“What chance has a girl or woman to live a decent respectable life at the wages of this kind?”- El Paso City and County Labor Advocate, October 31, 1919
In October of 1919, as women across the United States eagerly anticipated the ratification of the 19th Amendment, a group of young women laborers in El Paso, Texas, took their own stand for equality. These women, as documented by scholar Irene Ledesma, marched on picket lines to protest unfair wages and their employers’ refusal to recognize their newly-formed union. Spearheaded by Mexican-American women workers, the 1919 Laundry Strike in El Paso highlighted the ways in which ethnic, racial, and class identities shaped the struggle for women’s rights beyond suffrage in the United States after World War I.
Just in time for Labor Day, this Fall’s launch of the Modernizing America: 1889-1920, the Progressive Era unit of Women and the American Story, will bring the diverse stories of women laborers and activists directly into the classroom. Life stories included in the curriculum include the stories of Emma Goldman and Clara Lemlich. The history of the 1919 Laundry Strike showcases the ways in which contemporary notions of race and gender shaped the complex history of American women’s labor.
Unequal Pay in an Industrial Border City
As a budding industrial city on the Texas–Mexico border, El Paso in 1919 was home to a growing population of workers of Mexican origin, including naturalized immigrants, native-born Americans of Mexican heritage, and laborers who crossed the border daily from Ciudad Juarez. At the time of the Laundry strike, nearly half of the working female population in El Paso was of Mexican origin, and these women comprised between 60-80% of the workers in the region’s industrial laundries.
And yet, while they represented the majority of the laundry labor force, Mexican-American women earned between $4 and $6 a week. These wages were considerably lower than those of their Euro-American counterparts in non-border cities such as Galveston, Dallas, and Houston. White women in those cities earned $14 or more on average in laundry work, according to scholar Mario Garcia.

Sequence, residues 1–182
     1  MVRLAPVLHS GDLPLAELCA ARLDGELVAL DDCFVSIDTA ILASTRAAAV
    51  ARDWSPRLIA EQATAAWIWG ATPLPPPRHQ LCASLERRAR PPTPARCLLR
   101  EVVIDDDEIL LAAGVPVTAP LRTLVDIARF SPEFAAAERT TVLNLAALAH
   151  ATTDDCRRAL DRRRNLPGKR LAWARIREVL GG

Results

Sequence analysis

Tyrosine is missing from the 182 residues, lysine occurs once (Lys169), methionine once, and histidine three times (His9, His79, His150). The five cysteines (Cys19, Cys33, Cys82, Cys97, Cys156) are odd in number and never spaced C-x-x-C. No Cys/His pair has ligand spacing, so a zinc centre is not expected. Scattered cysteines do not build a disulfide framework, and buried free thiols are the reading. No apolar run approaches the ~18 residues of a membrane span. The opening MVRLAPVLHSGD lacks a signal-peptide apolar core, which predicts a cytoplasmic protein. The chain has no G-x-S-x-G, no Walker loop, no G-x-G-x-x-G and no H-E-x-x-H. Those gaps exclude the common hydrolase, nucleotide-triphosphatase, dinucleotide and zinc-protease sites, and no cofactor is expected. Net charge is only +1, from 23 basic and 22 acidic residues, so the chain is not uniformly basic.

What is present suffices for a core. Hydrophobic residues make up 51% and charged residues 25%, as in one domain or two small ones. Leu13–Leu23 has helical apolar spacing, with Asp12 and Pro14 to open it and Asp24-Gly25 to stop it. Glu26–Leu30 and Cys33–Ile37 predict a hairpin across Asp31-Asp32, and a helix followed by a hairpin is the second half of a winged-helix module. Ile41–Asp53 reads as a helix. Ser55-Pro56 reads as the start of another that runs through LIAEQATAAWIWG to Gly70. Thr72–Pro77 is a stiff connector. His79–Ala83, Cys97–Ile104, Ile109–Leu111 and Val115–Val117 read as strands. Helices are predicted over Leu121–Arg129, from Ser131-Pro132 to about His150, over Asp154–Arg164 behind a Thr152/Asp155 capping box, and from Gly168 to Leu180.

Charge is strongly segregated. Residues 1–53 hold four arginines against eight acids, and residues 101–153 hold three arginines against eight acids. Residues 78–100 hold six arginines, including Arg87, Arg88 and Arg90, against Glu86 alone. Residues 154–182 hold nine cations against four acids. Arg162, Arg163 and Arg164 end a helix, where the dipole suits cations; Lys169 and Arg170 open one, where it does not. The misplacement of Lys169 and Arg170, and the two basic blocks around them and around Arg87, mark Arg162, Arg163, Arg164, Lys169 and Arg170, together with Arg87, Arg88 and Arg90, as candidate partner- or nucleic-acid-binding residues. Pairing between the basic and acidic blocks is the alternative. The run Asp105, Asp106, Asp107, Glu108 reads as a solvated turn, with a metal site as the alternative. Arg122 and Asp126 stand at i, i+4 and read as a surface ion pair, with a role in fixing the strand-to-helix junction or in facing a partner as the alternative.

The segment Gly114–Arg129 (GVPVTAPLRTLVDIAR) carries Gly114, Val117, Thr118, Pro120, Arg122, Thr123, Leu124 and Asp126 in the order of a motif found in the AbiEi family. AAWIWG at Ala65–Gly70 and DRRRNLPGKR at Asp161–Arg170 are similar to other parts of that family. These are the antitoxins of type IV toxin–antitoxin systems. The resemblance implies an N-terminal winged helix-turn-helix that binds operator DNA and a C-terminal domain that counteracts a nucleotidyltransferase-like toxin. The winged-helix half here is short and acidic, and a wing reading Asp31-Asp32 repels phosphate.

To justify unequal pay, factory owners wielded racist notions of Mexican laborers as unskilled, lazy, and more adept than white workers at surviving with lower wages. Take, for example, the comments made by a Mr. E. Ravel, the owner of Excelsior Laundry, who claimed that there is a “difference in work,” between ‘American’ and ‘Mexican’ laborers. “The American used just half as much material as the Mexican,” he explained to the El Paso Herald, continuing that “the work was cleaner and whiter and better in every way…”
Working Women’s Solidarity: The Start of the 1919 Laundry Strike
In October of 1919, frustrated by this unequal treatment, women workers from the Acme Laundry Company came together with representatives from the American Federation of Labor (AFL) to organize a local Laundry Workers Union. A majority of Acme’s female workforce joined the union, but the company refused to recognize it. To add insult to injury, the owners also fired two of the leading union organizers. The fact that these two women had climbed the ranks into skilled positions, one as a sorter and the other as a marker, mattered little to the laundry owners who were eager to tamp down union organizing. In a brave demonstration of solidarity, 200 female factory workers walked off the job and called a strike. They demanded that the two women be reinstated and that all Acme workers receive higher wages.
Other local laundries sought to benefit from the strike by taking on work from the Acme factory. They also initially agreed to recognize the union, but quickly rescinded that promise, leading to a rapid escalation of the strike across several laundries. Within days, nearly 600 workers joined the picket lines and mobilized support from allies across the city.
The AFL, along with El Paso’s Central Labor Union (CLU) provided staffing and financial support for the strikers. However, the turn-of-the-century American labor movement had a longstanding history of skepticism, and even hostility towards women workers. Indeed, when the AFL was founded in 1896, women were barred from membership, as many male workers viewed the female labor force as temporary. As a result, male leaders assumed that women were willingto work for lower wages, and thus a threat to union bargaining power. It was only with the establishment of the Women’s Trade Union League (WTUL) at the 1903 AFL convention that the organization began to embrace women union members within the federation.